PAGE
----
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Canadiana: Canadian Digital Archive and Portal to the Past

CanadianaDo you have Canadian roots? Then Canadiana should be on your list of online resources searched regularly for family history information.

Recently Newswire.ca described Canadiana as “a digital initiative of extraordinary scale,…a joint effort of 25 leading research institutions, libraries and archives working together with the goal of creating Canada’s multi-million page, comprehensive online archive.” Its digital collections chronicle Canada’s past since the 1600s and most of its content is free.

What we especially noticed in a recent peek at this enormous Canadian digital archive:

  • The Héritage Project. This FREE resource “aims to digitize, preserve and make accessible Canada’s archival materials for Canadians and the world. Héritage is also a pathfinder project to determine the best ways to organize and fund ongoing efforts to make all of Canada’s remaining documentary heritage accessible online.” Their large collection of genealogy materials so far includes immigration records, church records, land records, family histories, voters’ lists and more. Military history, government documents and aboriginal records are also well-represented. Tip: check back often! More is coming, like local and regional newspaper digitization and records of the Canadian Expeditionary Forces.
  • The Canadiana Discovery Portal. This gateway to digital collections from 40 repositories points to 65 million pages! Sample subjects include  Ontario genealogy and War of 1812 campaigns. This portal is also free to use.
  • Early Canadiana Online, with 5 million images already and expected to grow to 16 million. This part of the website requires a subscription ($10/month or a year for $100) This is “a full-text collection of published documentary material, including monographs, government documents, and specialized or mass-market periodicals from the 16th to 20th centuries. Law, literature, religion, education, women’s history and aboriginal history are particular areas of strength.” The site describes itself as “the most complete set of full-text historical content about Canada, including books, magazines and government documents.” Tip: scroll down on the home page to click the Genealogy and Local History portal, but don’t ignore the rest of the site!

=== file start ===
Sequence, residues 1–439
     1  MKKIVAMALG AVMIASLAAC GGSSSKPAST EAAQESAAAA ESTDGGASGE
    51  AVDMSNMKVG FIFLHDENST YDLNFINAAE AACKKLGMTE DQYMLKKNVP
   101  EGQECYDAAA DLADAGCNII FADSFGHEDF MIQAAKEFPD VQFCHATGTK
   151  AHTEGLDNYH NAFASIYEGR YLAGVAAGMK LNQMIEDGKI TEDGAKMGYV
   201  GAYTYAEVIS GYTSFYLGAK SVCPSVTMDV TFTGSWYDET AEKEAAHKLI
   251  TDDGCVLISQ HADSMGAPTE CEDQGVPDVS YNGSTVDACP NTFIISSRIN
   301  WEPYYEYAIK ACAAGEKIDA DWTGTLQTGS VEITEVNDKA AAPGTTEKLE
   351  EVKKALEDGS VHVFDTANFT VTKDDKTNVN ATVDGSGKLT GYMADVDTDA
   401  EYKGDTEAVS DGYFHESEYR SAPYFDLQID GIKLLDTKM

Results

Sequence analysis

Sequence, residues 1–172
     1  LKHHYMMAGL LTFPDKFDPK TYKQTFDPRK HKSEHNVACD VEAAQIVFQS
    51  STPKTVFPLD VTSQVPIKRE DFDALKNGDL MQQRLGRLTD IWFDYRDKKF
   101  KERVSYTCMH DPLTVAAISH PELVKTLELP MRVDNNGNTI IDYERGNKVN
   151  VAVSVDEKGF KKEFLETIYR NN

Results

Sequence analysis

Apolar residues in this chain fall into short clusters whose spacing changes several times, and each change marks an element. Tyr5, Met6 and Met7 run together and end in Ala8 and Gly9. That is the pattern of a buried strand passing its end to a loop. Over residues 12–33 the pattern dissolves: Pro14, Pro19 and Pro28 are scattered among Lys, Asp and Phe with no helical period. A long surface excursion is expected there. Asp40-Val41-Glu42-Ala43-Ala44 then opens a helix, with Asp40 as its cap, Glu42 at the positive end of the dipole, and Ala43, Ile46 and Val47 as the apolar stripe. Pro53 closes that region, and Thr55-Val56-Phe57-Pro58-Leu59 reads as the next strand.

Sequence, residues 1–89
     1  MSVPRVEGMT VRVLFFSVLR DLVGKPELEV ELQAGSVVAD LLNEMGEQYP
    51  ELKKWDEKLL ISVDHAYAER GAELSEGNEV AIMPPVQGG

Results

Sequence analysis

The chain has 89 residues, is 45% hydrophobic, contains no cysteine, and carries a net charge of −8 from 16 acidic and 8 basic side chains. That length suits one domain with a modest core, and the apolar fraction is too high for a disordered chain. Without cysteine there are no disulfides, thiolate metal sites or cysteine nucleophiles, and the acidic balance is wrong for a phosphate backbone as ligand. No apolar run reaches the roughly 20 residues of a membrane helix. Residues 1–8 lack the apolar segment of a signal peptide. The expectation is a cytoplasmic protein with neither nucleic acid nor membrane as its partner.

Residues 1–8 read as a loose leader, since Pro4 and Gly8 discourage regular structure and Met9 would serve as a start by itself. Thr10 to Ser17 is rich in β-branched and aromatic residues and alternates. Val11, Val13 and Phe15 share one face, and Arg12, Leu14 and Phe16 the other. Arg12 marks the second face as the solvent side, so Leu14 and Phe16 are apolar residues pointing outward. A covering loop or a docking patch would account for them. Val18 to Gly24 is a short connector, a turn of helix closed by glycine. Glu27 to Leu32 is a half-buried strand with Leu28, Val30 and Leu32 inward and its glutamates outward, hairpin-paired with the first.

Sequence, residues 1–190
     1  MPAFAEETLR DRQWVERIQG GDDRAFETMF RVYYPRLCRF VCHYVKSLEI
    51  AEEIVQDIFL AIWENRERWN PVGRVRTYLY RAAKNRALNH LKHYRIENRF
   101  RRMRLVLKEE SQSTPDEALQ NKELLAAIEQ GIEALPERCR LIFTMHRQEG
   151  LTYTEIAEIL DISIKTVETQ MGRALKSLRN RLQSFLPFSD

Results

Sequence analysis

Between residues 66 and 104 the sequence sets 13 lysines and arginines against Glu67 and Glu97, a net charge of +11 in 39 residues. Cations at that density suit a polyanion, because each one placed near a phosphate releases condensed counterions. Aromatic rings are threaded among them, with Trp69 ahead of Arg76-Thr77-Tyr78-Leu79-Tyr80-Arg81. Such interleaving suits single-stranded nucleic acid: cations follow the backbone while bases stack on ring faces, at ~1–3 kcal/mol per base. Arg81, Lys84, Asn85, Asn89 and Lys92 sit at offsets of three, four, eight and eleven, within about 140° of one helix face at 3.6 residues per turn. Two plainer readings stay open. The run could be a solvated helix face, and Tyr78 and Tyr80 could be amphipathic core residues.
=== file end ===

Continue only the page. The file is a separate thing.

how to start a genealogy blogLike this post? Here’s a few more posts you may enjoy:

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We Dig These Gems! New Genealogy Records Online

We dig these gems new genealogy records onlineEvery Friday, we highlight new genealogy records online. Scan these posts for content that may include your ancestors. Use these records to inspire your search for similar records elsewhere. Always check our Google tips at the end of each list: they are custom-crafted each week to give YOU one more tool in your genealogy toolbox.

This week:

ALABAMA COUNTY MARRIAGES. Over 700,000 names have been added to FamilySearch’s index of Alabama county marriage records (1809-1950). Some of the index entries have images.

ENGLAND PARISH RECORDS. Indexes to baptisms, marriages and burials from Derbyshire (1538-1910) and images of original records of Yorkshire baptisms, bishop’s transcripts of baptismsmarriage bannsmarriages, bishop’s transcripts of marriages, burials and bishop’s transcripts of burials (1500s-19oos, dates vary) are now searchable on FindMyPast.